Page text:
Progressive web apps, or 'PWAs', are websites which use a selection of browser technologies to provide users with an experience similar to native apps. They can be installed, showing as an icon in your app drawer, and support offline usage. Browsers have the ability to request access to system devices such as cameras, and support offline data storage.
Getting started isn't too difficult, but there are a few parts to consider and also a couple of workflow gotchas which can cause confusion when you first give it a go.
Your application communicates to the browser that it is a PWA using a file known as a manifest. This declares the app's name, as well as resources such as install icons etc.
When a browser detects a manifest, it will show an icon in the browser toolbar informing the user that the app can be installed locally.
Mozilla recently removed this install button from their desktop Firefox browser. You will still see it in mobile Firefox, and all Chromium based browsers. Apps still work offline in desktop Firefox, they just can't be installed in the guise of a native desktop app.
Offline behaviour is mainly handled by a process known as a service worker. This sits between your client app and web server, tapping into browser events such as
fetch. It intercepts requests and acts as a kind of caching proxy. There is a fairly standard implementation which you can tailor to your needs, for example declaring what should and shouldn't be cached.
I recently found a library from Google called Workbox which offers helpers for managing your service worker cache. I haven't tried it but it looks like it could be really useful!
This caching behaviour is one of the possible sources of confusion previously mentioned. If you don't change the cache name, then the browser will not automatically flush its cache. This can lead to old versions of resources showing up or changes not being applied when you would expect to see them, as one of the files the browser caches is of course the client side app itself.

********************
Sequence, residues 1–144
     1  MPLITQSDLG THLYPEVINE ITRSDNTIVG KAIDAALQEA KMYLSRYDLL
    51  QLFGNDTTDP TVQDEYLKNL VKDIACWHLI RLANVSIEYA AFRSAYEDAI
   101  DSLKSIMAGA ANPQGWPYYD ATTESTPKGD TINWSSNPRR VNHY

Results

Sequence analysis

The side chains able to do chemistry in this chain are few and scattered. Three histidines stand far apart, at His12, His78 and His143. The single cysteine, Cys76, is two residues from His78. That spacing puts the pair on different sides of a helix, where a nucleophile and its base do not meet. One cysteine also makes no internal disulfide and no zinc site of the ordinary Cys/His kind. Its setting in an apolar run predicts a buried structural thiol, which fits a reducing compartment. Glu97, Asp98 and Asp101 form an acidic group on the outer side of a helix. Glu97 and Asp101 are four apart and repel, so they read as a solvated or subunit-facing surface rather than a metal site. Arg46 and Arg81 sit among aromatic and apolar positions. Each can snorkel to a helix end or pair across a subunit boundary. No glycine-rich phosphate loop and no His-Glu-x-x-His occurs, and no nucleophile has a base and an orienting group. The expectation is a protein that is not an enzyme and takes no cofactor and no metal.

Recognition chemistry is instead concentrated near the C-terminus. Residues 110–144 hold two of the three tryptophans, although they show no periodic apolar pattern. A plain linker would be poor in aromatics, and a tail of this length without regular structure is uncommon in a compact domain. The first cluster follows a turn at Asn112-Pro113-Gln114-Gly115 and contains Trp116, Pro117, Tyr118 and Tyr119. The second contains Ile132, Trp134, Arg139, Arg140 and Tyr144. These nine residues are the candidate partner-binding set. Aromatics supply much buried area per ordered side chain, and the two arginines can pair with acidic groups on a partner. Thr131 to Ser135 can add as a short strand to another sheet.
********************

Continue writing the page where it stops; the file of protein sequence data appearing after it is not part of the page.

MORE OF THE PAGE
You can inspect the service worker's state and the contents of the cache using your browser's F12 tooling under the Application tab. You will find controls to simulate offline behaviour, unregister or refresh the worker etc.
Offline data storage is handled by a browser-native technology called IndexedDb. Whilst this can be used directly there are libraries which build useful APIs on top of it. One popular choice is PouchDb. This combines a powerful document storage API with auto synchronisation to CouchDb instances.
Usage with SAFE stack
Usually I would post some code snippets before linking off to a full example. This time however there are a few too many parts for me to cover in one blog, so I have taken the opportunity to convert the SAFE template Todo app into a PWA.
This includes storing the Todos in the browser using PouchDb, and a Server upload routine which only sends new items.
I started with the new .NET 6 SAFE template, and hopefully you can see in the short commit history how I went about adapting it.
Give it a try! Once the app is running, you can stop the server and it should remain fully functional with persisted data, even after you close down and reopen your browser.
If you check the Server console output when you hit 'Upload', you will see the uploaded items printed - note that they only get uploaded once, after which their client-side Uploaded status is saved in the db, excluding them from the next
You will find we have wrapped a selection of the PouchDB and Service Worker types in F#, making them nicer to work with than using raw JS. This is a good starting point for a full binding if you feel ambitious!
Helpful UI libraries
We have made some Feliz wrappers for a few React components that play well with mobile applications.